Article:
A CONTROVERSIAL supermarket development in a conservation area of Glasgow is expected to be given the go-ahead by the local authority despite the objections of more than 500 people.

Councillors are expected to pass the plan to build the 5000 sq ft building at Novar Drive, Hyndland - part of the Glasgow West Conservation Area - at a meeting on Tuesday.

However, people living in the area have called for the scheme to be sent back to the drawing board after raising fears over the impact increased traffic will have on road safety and the effect a new supermarket will have on the surrounding area.

Loading article content

The building, which will be split between retail and office space, has been proposed by Root and Branch, a subsidiary of the G1 Group, which also owns pubs and nightclubs around the city.

It would be built on ground currently occupied by a disused builders yard, and councillors have been asked to grant a 'change of use' planning application to open the site up as retail space.

There is speculation that Sainsbury's will take over the site once it has been completed, although this has not been confirmed.

Local councillor Martha Wardrop, who represents the nearby Hillhead ward, said many local people would be affected if the application succeeds.

In a letter of objection, she wrote: "The proposed development will increase the traffic volume at its site within Novar Drive, which will adversely affect the amenity of the local neighbours.

"This is a cul-de-sac, within Novar Drive, well used by residents, families with young children, older and disabled residents, and visitors accessing the nearby church hall, Novar Nursery and Lauderdale Gardens play park.

"The main access route to the building is provided from Hyndland Road in to Novar Drive. The main road is already suffering from significant congestion with traffic gridlock at peak times."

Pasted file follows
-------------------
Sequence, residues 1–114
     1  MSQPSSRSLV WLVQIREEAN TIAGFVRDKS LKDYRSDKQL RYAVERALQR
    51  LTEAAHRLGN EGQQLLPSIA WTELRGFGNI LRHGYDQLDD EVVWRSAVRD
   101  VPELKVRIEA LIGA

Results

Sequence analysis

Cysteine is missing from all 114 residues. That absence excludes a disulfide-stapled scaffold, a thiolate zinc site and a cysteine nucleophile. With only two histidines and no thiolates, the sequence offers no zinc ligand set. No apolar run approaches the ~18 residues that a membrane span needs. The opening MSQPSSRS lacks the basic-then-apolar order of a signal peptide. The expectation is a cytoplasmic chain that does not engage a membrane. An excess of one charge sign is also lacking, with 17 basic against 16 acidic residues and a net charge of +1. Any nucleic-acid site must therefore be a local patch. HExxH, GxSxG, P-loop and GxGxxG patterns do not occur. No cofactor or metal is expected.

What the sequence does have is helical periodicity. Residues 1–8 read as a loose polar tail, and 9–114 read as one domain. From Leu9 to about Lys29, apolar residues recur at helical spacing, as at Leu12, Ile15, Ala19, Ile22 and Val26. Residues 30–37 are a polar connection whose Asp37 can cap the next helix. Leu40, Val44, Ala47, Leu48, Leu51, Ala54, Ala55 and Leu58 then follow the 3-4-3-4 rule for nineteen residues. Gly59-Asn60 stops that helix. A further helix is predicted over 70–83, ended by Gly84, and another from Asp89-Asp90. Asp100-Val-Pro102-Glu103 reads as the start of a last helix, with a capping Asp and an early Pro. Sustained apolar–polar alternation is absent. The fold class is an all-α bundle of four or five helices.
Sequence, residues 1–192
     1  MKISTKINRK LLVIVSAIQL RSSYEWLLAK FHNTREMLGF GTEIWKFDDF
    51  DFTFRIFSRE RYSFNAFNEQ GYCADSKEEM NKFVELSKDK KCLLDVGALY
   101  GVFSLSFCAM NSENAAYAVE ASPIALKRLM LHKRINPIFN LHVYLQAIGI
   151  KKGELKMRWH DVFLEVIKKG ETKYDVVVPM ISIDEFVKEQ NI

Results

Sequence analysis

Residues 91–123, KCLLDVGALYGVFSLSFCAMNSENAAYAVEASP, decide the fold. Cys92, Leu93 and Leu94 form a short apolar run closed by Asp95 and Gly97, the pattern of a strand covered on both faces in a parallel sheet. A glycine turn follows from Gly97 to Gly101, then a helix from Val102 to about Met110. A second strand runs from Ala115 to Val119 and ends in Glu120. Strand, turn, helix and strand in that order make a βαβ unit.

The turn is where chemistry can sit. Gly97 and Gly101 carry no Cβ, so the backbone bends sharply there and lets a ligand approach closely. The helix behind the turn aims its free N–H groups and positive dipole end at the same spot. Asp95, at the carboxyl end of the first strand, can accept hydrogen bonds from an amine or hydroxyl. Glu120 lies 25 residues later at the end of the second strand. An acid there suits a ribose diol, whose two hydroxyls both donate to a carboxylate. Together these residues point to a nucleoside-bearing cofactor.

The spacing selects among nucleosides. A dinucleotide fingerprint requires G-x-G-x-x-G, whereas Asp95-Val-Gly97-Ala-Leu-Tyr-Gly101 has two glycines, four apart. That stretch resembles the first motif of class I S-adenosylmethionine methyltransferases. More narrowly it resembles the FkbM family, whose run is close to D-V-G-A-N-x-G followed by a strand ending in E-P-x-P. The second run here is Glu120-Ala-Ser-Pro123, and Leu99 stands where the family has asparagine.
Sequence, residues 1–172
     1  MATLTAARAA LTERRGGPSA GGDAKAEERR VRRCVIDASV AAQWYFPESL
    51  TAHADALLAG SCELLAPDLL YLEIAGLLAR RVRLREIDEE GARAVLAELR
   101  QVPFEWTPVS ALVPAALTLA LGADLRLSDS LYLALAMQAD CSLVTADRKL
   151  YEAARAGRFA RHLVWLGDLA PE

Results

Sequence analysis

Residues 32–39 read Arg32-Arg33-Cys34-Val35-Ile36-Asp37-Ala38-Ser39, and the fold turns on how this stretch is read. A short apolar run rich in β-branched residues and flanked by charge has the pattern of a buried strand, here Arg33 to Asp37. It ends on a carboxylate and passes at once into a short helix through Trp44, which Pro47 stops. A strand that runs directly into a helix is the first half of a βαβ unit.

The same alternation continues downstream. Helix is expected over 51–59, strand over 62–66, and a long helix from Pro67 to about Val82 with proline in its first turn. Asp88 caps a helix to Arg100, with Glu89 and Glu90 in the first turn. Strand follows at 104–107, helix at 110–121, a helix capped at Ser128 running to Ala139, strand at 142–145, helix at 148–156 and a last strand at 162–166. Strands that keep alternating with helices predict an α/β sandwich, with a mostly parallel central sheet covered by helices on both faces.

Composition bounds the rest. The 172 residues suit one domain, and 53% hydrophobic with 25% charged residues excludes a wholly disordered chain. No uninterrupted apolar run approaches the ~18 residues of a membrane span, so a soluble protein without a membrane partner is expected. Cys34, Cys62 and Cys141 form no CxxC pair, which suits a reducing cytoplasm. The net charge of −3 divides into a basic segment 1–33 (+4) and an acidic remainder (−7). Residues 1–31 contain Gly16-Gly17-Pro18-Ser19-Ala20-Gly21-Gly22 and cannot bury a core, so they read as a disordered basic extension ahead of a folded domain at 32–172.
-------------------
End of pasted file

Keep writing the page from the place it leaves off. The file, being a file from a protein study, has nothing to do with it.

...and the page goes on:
Resident Oliver van Helden added: "Novar Drive forms part of the Glasgow West Conservation Area, whose rich landscape includes the diverse range of small-scale local shops, as well as a wealth of historically important listed buildings.

"In addition to the threat to these local shops in the wider area, the introduction into Novar Drive - with its residential 'side street' character, no existing retail outlets, and architecturally important B-listed tenement immediately opposite - of a glazed facade, with associated advertising and illumination of a type and scale appropriate for a 'main road' location in this area, would certainly detract from the residential nature of this Hyndland side street."

Members of the local Community Council held a meeting with the G1 group last October to raise their concerns, and met the company's planning advisor, Alistair MacDonald, a former head of planning services at Glasgow City Council.

Ann Laird, chairwoman of Dowanhill, Hyndland and Kelvinside Community Council, said: "No withdrawal of objections resulted from this meeting.

"Local residents are extremely disappointed that the application is recommended to be granted - as there are almost certainly preferable uses for this site - which I think everyone agrees is not doing much good as it is.

"This application should be refused, and the community is willing to work with G1 group to secure a mutually beneficial solution.

"In the meantime, we have requested a site visit and hearing for the case, when it comes up on Tuesday's Committee."

No-one from the G1 group was available to comment.